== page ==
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Bitcoin, Gold, and Nasdaq: One-Year Correlation Analysis

Image Source: Lukas Gojda / Shutterstock

Several news outlets have been comparing the price movements of Bitcoin (BTC) to other assets, with gold and tech stocks being the most frequently compared classes.

When there is a correlation, it often becomes a major news topic. For a significant portion of 2022 and early 2023, the narrative was focused on how “Bitcoin trades in sync with tech stocks.” However, this correlation has since faded, with little coverage being given to it.

Now, a new narrative has emerged, discussing Bitcoin’s correlation with gold. Following the setbacks experienced by Silvergate, Signature Bank, and Silicon Valley Bank in March, both Bitcoin and gold have witnessed rallies. These narratives appear logical on the surface — if Bitcoin is viewed as a speculative asset, it may trade similarly to tech stocks, or if it is seen as a safe-haven asset, a correlation with gold makes sense.

It is crucial to understand that correlations can change over time. Just because two assets exhibit a correlation for a period does not necessarily mean they will maintain that relationship in the long run. Looking at larger timeframes, it may be possible to disregard correlations altogether.

Let’s analyze these correlations over a one-year period to evaluate their validity.

Bitcoin, Gold, and Nasdaq: One-Year Correlation Analysis

Since the beginning of the year, Bitcoin has surged by approximately 58%, climbing from $16,600 to over $26,000. Simultaneously, the Nasdaq has seen a gain of around 36%, rising from 11,000 to nearly 15,000.

On the other hand, gold has experienced a modest increase of just over 7% year-to-date.

Based on the 90-day correlation coefficient, BTC currently shows a positive correlation with gold (0.58) and a negative correlation with tech stocks (-0.65). For the majority of this year, BTC has exhibited a high correlation with both assets. Initially, the correlation with gold was strongly negative, whereas the correlation with tech stocks was slightly below neutral.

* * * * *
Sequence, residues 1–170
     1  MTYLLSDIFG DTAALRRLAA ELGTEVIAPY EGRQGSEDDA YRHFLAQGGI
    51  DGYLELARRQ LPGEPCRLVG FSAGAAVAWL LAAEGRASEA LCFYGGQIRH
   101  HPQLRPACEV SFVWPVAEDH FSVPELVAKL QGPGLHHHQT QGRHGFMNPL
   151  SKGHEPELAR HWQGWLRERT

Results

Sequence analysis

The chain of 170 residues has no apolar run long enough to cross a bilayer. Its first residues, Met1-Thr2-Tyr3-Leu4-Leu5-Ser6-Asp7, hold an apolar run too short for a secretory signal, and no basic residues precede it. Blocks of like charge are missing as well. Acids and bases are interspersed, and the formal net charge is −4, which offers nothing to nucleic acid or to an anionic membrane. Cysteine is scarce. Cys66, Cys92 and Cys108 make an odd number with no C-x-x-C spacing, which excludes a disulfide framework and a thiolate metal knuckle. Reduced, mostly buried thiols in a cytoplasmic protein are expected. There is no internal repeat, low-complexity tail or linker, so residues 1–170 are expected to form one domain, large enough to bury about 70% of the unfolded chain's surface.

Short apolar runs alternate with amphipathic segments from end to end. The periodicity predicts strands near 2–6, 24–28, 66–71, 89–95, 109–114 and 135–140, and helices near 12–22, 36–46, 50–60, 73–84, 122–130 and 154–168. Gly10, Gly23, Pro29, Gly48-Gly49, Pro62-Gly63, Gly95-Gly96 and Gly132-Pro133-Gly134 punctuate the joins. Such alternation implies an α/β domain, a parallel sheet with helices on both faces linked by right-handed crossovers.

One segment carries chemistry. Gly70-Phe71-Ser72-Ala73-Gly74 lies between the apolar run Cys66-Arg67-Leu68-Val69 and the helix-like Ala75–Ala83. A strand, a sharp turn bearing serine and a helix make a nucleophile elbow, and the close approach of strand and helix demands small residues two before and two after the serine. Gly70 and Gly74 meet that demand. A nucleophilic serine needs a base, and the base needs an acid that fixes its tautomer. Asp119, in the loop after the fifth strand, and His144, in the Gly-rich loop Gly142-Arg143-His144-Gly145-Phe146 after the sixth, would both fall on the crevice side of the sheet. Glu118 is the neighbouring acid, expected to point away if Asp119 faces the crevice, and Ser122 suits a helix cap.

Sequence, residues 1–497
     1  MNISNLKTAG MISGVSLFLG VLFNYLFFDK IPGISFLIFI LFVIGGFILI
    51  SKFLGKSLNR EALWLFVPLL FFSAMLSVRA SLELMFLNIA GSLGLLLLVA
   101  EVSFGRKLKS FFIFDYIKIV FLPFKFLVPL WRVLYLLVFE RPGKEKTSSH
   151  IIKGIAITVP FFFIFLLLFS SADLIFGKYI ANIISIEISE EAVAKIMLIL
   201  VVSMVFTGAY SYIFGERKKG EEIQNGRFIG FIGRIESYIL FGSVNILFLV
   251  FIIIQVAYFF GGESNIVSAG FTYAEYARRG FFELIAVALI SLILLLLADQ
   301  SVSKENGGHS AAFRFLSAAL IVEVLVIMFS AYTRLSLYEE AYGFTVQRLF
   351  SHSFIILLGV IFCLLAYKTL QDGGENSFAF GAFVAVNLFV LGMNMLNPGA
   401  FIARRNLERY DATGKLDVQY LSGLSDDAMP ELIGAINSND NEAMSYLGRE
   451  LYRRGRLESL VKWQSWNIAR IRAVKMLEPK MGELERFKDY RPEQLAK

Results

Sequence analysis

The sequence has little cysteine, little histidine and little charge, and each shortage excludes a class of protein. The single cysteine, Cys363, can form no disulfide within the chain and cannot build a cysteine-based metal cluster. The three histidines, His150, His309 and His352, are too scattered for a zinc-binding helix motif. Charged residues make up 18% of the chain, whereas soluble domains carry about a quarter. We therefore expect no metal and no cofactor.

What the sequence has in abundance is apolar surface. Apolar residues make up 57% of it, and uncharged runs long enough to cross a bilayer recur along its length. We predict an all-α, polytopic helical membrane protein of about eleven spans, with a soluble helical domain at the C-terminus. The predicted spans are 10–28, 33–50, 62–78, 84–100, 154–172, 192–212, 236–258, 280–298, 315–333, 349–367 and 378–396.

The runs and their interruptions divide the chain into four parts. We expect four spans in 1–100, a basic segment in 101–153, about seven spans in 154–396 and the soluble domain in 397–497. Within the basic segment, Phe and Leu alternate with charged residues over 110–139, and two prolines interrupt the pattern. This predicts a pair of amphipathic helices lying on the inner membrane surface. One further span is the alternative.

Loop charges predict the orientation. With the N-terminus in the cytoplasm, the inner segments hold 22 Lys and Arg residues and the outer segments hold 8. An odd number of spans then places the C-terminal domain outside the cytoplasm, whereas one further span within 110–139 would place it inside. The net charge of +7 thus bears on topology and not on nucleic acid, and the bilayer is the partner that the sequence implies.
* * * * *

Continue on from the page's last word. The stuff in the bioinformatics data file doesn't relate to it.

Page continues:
So, is it a safe-haven correlation or a risk asset correlation? Or do multiple correlations indicate no correlation at all? Can similar price movements on an annual basis establish a significant relationship between two assets?

Addressing these questions would require an elaborate discussion. These queries are best approached rhetorically, suggesting that multiple assets could show similar price patterns on a one-year chart.

When viewed in terms of percentage gains, the differences become more pronounced: gold’s increase is at 9%, while Bitcoin and the Nasdaq have surged by 18% and 30%, respectively.

While it might be interesting to find meaning in Bitcoin’s periodic correlation with equities, the relationship between the two has remained stable for much of this year, even amidst the banking crisis in March that triggered a significant BTC rally. However, since then, this correlation has waned as the Nasdaq reached year-to-date highs and Bitcoin mostly traded sideways.

Eventually, All Correlations Break Down

Over the past 14 years, Bitcoin has seen a remarkable increase against the US dollar by tens of millions of percentage points — a feat few asset classes can match. Other assets lack the same level of volatility, making a lasting correlation even less likely.

During this period, gold has risen from $800 in early 2009 to $1,945, marking a gain of nearly 150%.

As for the Nasdaq, its value has surged by over 10x since early 2009, translating to returns exceeding 1,000%. While these gains are commendable, they are far below the extraordinary 52,000,000% increase that Bitcoin has achieved from July 2010 until now.

Key takeaways from this analysis include:

  • An asset that appreciates by over 50,000,000% over its lifespan may not exhibit correlations with many other assets.
  • The correlations between Bitcoin, gold, and tech stocks may not be apparent on timeframes longer than a year or two.
  • Due to the above points, these correlations lack significant implications.

Investors should bear these considerations in mind when interpreting the market. Relying on any specific correlation as part of an investment strategy can be risky, as such correlations are subject to change without warning.

This article does not offer investment advice or recommendations. Every investment and trading decision carries risks, and readers should conduct their own research before making any decisions.

Image Source: Lukas Gojda / Shutterstock

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